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Canadian Manufacturing Shrugs Off Blockades And Coronavirus, Speeds Up In February

Factories are still producing but wait times are up, early evidence suggests.
In this stock photo, traffic is seen on Autoroute 40 in Montreal. Canadian manufacturing expanded in February, despite a viral outbreak and protests that shut down critical infrastructure.
In this stock photo, traffic is seen on Autoroute 40 in Montreal. Canadian manufacturing expanded in February, despite a viral outbreak and protests that shut down critical infrastructure.

MONTREAL ― The spread of the coronavirus around the world and a wave of railroad blockades across Canada were supposed to have dragged down the country’s economy in February, but early evidence suggests manufacturers are shrugging off the problems ― at least for now.

The IHS Markit Canada Manufacturing PMI ― a measure of factory activity ― jumped to 51.8 in February, from 50.6 in January. Any number above 50 indicates expansion.

“Canadian manufacturers [noted] that greater demand from U.S. clients had helped to offset weaker spending in the Asia-Pacific region,” IHS Markit said in its latest survey, released this week.

Watch: How coronavirus will impact Canada’s economy. Story continues below.

However, it did note that wait times for goods from suppliers saw a large spike in February.

“Worsening vendor performance was attributed to a combination of rail transport blockades and delays with the receipt of items sourced from suppliers in China,” the research agency said.

The manufacturing report came the same week the Bank of Canada (BoC) announced a large interest rate cut in response to a slowing economy around the world.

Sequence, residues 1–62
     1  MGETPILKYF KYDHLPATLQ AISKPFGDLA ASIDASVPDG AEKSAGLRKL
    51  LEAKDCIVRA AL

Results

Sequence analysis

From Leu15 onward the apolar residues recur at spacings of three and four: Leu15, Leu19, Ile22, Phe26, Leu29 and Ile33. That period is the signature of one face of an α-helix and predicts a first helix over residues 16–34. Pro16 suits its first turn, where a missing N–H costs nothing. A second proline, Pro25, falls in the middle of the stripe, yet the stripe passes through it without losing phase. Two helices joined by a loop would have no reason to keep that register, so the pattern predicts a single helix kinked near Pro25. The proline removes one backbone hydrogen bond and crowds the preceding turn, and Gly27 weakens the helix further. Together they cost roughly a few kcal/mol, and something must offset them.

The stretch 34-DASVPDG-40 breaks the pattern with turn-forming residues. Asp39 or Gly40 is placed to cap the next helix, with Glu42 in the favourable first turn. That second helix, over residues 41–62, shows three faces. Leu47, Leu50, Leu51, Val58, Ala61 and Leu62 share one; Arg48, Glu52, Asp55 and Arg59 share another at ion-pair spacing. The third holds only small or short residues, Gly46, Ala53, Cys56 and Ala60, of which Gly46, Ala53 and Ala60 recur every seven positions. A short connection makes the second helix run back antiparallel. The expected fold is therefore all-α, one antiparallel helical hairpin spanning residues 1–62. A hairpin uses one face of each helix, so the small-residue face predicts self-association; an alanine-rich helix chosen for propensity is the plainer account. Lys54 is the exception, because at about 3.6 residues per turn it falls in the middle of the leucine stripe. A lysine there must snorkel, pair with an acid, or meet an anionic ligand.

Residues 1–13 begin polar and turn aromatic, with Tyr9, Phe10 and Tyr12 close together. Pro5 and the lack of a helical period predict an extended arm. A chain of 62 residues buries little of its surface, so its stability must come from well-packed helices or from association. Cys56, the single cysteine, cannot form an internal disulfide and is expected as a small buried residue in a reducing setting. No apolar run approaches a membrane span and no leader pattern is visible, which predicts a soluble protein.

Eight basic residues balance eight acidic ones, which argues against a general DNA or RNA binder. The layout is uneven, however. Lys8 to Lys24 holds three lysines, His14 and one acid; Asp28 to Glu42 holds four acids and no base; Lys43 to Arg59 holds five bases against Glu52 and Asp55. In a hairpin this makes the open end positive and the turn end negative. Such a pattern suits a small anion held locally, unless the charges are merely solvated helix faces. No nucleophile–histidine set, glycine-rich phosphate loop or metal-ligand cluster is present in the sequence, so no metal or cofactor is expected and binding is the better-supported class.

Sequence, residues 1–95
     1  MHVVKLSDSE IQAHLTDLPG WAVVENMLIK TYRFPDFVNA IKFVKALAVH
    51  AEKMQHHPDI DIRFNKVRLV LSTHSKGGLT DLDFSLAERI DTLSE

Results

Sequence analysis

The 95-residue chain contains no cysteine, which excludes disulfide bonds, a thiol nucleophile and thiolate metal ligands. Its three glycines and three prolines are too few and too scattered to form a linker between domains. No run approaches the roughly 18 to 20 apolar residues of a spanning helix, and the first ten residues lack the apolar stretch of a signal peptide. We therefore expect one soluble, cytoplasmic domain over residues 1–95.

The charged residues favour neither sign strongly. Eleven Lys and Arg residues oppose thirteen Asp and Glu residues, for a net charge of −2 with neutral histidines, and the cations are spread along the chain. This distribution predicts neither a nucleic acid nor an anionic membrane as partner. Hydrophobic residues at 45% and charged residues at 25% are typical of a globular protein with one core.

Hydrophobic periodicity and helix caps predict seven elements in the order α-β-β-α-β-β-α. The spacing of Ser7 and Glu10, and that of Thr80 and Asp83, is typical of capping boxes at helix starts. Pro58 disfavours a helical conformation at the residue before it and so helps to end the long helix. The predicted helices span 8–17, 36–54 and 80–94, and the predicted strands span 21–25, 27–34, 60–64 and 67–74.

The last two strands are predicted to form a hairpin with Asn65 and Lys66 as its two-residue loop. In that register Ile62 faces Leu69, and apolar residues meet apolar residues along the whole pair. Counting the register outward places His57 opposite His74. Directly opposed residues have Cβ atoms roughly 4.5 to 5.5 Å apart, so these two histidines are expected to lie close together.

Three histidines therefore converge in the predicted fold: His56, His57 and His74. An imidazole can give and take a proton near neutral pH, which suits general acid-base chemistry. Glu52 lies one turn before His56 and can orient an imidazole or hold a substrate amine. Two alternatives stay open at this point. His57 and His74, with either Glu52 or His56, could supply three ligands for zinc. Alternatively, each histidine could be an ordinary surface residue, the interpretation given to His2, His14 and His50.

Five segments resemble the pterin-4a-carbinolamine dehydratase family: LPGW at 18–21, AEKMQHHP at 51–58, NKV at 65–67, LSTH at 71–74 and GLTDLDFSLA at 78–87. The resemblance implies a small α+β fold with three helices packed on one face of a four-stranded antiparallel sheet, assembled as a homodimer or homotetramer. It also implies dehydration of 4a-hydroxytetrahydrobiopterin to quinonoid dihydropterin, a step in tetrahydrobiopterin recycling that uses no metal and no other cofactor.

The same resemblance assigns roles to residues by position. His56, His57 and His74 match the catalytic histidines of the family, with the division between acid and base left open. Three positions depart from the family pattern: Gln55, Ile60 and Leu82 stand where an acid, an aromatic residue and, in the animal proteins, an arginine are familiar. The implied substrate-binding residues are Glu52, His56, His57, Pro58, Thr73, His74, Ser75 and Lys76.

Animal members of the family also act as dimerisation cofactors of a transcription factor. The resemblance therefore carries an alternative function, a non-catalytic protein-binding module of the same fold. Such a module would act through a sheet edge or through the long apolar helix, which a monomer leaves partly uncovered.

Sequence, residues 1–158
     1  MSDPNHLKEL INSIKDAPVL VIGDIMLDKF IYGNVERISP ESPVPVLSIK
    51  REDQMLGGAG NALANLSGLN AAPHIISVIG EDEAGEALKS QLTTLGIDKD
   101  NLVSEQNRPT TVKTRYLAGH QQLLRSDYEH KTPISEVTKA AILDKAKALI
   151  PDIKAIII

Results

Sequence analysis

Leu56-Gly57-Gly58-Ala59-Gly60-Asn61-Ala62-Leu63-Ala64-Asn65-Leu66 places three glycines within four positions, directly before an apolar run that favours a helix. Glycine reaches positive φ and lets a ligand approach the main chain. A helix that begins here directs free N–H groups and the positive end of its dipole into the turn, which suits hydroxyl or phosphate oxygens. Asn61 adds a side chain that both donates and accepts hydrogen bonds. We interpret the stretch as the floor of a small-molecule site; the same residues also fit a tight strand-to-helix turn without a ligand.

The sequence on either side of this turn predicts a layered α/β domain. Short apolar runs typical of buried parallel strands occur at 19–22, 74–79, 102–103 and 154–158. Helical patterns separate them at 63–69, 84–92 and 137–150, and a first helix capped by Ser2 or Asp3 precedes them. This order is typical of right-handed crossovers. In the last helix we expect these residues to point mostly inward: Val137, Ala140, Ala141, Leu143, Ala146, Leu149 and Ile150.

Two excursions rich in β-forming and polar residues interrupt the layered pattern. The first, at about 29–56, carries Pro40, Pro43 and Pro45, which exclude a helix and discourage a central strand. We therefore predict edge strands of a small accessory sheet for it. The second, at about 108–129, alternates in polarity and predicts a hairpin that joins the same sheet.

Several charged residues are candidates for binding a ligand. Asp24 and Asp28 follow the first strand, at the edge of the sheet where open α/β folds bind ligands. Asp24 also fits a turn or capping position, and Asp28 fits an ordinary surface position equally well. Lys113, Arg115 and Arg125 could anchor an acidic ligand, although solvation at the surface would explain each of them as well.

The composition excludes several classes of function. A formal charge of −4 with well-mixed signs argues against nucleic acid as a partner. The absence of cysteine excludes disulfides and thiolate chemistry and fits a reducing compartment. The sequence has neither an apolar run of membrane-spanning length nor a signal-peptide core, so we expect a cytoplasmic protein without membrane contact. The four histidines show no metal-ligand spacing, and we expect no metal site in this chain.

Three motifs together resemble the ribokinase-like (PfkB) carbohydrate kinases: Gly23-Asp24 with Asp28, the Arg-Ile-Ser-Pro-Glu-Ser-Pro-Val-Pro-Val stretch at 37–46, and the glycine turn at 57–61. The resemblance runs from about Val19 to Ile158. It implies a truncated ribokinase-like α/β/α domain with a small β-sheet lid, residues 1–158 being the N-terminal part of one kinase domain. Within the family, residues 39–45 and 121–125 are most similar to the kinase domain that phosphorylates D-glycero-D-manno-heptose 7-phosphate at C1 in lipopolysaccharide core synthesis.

Many experts note an interest rate cut can’t do much directly to help in a situation like this. Interest rate cuts stimulate demand, but with Chinese factories shut, the world has a supply problem.

All the same, lower rates are “meant to flood the system with liquidity and improve consumer and business confidence ― just as happened in response to the financial crisis,” Dominion Lending Centres chief economist Sherry Cooper wrote in a client note.

Some economists argued that the interest rate cut could only add fuel to Canada’s accelerating house prices, as it will increase the maximum purchase price borrowers can afford. And it would come at a time when Canadian households are already struggling with a spike in insolvencies.

But in times of economic emergency, “financial vulnerability issues ... take a back seat to confronting this shock head on,” Bank of Montreal economist Sal Guatieri wrote in a client note.

The next insight into the impact of the unfolding crisis on Canada’s economy will come on Friday, when Statistics Canada reports unemployment numbers for February.

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